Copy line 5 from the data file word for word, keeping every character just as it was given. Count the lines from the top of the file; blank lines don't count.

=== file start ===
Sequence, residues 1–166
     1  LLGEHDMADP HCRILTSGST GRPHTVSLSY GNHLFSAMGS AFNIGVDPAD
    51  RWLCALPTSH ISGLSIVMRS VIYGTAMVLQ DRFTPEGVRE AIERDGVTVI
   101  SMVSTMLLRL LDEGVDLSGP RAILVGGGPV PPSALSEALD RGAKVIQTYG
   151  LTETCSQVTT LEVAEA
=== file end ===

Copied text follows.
   151  LTETCSQVTT LEVAEA